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TAPS: Supporting Alaska

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Pipeline Operations

Low Flow Impact Study, 2011

“The Low Flow Impact Study is a critical step toward addressing the many challenges associated with declining throughput,” said Tom Barrett. “I want to thank Pat McDevitt and the study team for a job well done.”

“The study findings make it clear that the technical challenges compound and increase in complexity as throughput declines. The simplest, most direct and cost effective path to dealing with these challenges is to stop the decline by adding more oil.”

The LoFIS identified potential challenges with throughput levels between 600,000 and 300,000 barrels per day (BPD). Potential challenges include:

  • Water, present in oil as small droplets, is expected to separate out in a layer at the bottom of the pipe at 500,000 BPD and lower. Separated water will increase the potential for ice formation and corrosion.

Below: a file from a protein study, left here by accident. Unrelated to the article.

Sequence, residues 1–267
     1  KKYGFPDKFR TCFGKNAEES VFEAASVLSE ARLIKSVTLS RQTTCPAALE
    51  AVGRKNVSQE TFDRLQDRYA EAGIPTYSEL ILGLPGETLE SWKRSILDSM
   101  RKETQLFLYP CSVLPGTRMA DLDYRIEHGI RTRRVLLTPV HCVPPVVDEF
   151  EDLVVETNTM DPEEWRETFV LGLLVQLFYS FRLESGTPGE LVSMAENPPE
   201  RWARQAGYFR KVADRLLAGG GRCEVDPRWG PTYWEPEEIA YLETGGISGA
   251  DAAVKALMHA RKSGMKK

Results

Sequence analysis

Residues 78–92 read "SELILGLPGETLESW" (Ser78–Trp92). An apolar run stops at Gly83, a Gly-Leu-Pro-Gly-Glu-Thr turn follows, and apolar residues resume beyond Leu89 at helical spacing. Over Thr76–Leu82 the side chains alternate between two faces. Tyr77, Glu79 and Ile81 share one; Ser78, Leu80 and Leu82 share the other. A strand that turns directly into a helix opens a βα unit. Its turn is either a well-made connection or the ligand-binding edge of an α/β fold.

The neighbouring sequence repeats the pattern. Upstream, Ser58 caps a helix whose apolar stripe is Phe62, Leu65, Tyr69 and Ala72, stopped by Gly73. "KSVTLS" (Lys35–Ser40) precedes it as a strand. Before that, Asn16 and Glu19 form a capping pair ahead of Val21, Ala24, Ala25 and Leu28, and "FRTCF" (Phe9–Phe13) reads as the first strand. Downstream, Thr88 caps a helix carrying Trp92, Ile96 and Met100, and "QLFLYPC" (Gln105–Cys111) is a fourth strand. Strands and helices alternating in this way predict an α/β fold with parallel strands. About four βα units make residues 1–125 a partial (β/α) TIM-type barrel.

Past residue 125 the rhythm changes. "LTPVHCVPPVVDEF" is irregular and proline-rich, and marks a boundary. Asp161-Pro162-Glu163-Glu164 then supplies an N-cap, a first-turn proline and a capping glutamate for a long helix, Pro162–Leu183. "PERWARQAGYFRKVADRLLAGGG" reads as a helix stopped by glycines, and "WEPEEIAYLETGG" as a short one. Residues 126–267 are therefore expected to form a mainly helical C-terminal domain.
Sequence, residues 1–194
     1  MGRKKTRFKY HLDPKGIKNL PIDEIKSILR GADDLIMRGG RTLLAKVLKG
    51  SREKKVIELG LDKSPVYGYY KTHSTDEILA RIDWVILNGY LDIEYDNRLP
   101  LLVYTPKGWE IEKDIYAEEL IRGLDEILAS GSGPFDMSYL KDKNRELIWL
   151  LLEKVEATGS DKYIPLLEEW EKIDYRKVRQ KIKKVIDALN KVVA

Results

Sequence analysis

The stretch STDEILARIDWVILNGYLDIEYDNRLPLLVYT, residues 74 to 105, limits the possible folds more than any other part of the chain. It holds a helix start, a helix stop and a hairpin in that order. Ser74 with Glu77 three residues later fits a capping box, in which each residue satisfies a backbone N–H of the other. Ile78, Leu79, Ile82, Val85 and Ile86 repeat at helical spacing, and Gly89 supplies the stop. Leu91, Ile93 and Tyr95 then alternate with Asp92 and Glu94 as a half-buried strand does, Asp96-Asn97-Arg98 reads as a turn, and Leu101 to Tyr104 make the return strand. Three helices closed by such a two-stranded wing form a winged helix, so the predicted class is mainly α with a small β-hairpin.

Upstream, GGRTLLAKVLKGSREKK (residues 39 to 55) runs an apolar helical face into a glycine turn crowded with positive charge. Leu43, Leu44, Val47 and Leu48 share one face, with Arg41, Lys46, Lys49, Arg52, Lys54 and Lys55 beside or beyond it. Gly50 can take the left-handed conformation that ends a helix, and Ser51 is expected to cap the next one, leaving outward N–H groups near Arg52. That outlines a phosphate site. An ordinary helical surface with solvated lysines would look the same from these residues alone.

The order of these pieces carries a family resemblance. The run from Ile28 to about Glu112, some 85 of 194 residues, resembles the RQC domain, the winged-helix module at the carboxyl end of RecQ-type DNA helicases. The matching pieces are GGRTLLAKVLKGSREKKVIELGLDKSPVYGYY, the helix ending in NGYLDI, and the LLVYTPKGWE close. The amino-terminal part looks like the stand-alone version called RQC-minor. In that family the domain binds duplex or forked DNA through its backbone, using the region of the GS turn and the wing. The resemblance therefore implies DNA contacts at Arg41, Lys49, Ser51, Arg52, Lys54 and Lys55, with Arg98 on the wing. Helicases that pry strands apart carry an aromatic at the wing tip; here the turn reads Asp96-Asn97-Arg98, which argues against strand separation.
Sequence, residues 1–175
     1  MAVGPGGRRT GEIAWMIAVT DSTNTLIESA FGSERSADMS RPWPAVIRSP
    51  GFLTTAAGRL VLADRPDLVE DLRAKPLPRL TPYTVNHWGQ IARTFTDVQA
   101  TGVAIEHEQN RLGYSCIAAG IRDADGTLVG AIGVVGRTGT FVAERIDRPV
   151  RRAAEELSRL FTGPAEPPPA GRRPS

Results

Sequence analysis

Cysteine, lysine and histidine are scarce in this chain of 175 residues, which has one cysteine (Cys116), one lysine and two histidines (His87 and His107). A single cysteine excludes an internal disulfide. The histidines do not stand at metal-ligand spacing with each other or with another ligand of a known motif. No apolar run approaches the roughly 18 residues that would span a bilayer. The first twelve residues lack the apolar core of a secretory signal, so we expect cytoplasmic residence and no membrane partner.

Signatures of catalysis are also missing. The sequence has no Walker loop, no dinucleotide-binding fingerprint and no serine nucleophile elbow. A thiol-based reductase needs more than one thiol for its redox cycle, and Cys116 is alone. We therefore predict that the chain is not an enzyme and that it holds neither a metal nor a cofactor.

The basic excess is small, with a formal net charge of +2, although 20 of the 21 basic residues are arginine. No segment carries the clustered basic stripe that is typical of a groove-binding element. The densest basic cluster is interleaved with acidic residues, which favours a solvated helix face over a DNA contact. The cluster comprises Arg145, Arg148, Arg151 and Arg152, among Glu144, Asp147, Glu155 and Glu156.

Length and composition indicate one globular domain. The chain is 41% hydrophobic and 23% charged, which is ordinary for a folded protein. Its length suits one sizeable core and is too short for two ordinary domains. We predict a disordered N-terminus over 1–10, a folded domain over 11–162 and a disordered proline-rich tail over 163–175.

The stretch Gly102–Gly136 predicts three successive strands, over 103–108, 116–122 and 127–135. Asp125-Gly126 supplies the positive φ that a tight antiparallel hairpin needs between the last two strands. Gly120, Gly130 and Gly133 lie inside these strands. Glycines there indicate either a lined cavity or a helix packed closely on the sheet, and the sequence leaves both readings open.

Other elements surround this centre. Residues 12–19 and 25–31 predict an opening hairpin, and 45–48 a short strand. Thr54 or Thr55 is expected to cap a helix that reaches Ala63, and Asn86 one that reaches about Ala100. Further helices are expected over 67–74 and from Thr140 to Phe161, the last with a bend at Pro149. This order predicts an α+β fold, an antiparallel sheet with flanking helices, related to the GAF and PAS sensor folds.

• Wax build up in the pipeline is present at current throughput levels and will continue to increase as throughput declines.
     
  • As throughput drops below 550,000 BPD, oil temperature will have the potential to drop below the freezing point of water and form ice in the pipeline during the winter months. Ice could damage pumps and equipment.
     
  • Crude oil temperatures at 350,000 BPD could allow soils surrounding buried sections of the pipeline to freeze, which would create the potential for ice lenses. Ice lenses could cause movement and damage the pipeline via frost heaves.

Mitigation measures recommended in the study include:

  • Minimize the impact of temperature decline by adding heat and insulation.
     
  • Modify the water and temperature specifications for crude oil entering TAPS.
     
  • Adjust the pipeline pigging program as throughput declines


To see the study, click on the following links:

Executive Summary

Full Study

Previous published documents related to the study:

Executive Summary - June 2009

Have a question? Click here to submit it.

Click here to learn more about declining throughput.

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